HTC Tops China's Market for VR Headsets in 2016

Feb 23, 2017 Ι Industry News Ι Electronics and Computers Ι By Steve Chuang, CENS
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HTC Vive commanded a 17.7 percent share of China’s VR headset market as the best-selling model among others in 2016, as reported by Canalys (photo courtesy of

Escaping from the failure spiral in smartphone business, HTC Corp. has actively invested in the development and promotion of VR (virtual reality) headsets over the past few years. With the effort paying off, the Taiwanese branded vendor topped China's VR headset market by grabbing a share of 17.7 percent in 2016 with its HTC Vive, according to Canalys, a global market research and consulting firm with offices overseas.

Given that China is now world's second-largest market for VR headset, which absorbed about 15 percent of total supply in 2016, Canalys estimates global shipment of such products at some 2 million units in the year, which, however, was much lower than the forecast by other market research institutes.

Based on the estimate above mentioned and HTC's market share, Canalys believes HTC Vive sales in the Chinese market reached some 53,000 units and totaled 350,000 units overseas last year, though the Taiwanese firm has declined to publish its own VR headset sales figures all the time for unknown reasons.

Canalys indicates that HTC's current achievement in China's VR headset market is attributable mainly to its comparatively robust financial health for shoring up marketing, as well as a better established ecosystem for HTC Vive than those for competitors.

Trailing HTC was Deepoon of China, which promoted its all-in-one VR device that features a built-in battery, graphic processing unit and advanced AMOLED (active-matrix organic light-emitting diode) display supplied by Samsung to differ among competing models, and snapped up a 16.9 percent share of the market with sales of an estimated 50,700 units.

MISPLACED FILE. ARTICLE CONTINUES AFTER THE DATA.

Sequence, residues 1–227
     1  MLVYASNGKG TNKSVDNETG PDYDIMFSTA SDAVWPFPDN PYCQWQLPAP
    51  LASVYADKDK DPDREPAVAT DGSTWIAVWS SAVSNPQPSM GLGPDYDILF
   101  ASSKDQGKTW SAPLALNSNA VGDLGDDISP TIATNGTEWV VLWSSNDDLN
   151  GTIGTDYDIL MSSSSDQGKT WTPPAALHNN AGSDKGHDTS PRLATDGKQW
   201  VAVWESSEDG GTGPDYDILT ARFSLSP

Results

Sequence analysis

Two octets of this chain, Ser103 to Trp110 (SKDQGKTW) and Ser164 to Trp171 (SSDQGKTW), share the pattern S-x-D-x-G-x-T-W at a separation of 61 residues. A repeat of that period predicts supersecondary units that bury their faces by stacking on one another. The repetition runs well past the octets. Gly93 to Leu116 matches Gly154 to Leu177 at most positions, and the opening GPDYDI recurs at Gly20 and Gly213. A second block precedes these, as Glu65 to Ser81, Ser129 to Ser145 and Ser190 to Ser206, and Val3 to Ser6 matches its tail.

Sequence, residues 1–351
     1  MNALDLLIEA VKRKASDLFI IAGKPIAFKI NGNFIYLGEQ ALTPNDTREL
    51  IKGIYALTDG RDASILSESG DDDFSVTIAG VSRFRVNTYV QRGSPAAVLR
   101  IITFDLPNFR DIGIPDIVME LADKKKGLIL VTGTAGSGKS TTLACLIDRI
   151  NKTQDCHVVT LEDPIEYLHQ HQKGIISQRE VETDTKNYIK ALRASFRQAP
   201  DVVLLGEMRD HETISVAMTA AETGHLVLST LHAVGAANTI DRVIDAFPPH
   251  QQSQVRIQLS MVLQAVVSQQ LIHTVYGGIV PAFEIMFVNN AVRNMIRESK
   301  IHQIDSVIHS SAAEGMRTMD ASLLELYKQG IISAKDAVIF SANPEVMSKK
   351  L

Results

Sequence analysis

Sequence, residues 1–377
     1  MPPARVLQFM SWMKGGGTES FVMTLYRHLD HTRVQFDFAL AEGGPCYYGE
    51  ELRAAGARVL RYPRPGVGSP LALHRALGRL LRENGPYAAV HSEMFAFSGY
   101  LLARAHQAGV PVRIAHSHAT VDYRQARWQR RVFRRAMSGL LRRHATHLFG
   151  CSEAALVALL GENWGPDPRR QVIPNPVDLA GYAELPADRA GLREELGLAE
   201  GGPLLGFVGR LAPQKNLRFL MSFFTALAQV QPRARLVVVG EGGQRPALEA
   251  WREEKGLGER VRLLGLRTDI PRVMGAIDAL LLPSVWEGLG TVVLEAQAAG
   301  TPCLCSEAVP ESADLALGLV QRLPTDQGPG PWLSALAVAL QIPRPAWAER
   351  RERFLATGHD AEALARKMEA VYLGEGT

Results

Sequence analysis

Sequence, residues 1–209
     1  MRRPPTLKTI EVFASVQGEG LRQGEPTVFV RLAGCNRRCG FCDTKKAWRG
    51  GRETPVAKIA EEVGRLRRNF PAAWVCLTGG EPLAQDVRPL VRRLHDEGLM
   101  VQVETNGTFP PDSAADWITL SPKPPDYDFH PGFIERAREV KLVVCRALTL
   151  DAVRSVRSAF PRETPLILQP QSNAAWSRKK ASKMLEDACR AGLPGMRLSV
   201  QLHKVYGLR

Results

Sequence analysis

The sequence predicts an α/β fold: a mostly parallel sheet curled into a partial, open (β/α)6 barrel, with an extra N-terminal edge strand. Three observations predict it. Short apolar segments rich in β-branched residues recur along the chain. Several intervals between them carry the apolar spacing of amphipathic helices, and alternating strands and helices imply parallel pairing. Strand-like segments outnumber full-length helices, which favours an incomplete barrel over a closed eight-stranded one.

Meanwhile, 3Glasses, Deepoon's local peer, whose VR headset model is widely considered comparable with HTV Vive in aspects of hardware specification and VR experience, commanded a 9.4 percent share as the No.3 branded vendor in the market.

Fretted by insufficient content provided in China, Sony, whose PSVR has effectively hyped consumers in Japan, Europe and the U.S. since released, nevertheless, posted a share of 7.7 percent in the market last year, translated into sales of only around 23,100 units, according to Canalys' report.

As to market outlooks in 2017, Canalys opines that players in the competitive landscape in China are likely to come under more challenges, including increasingly heavy pressure given by their investors and majority shareholders to achieve significant sales growth and improving profitability as soon as possible, which, however, could impede them from enhancing technological edges and creating more content as a predictable result.
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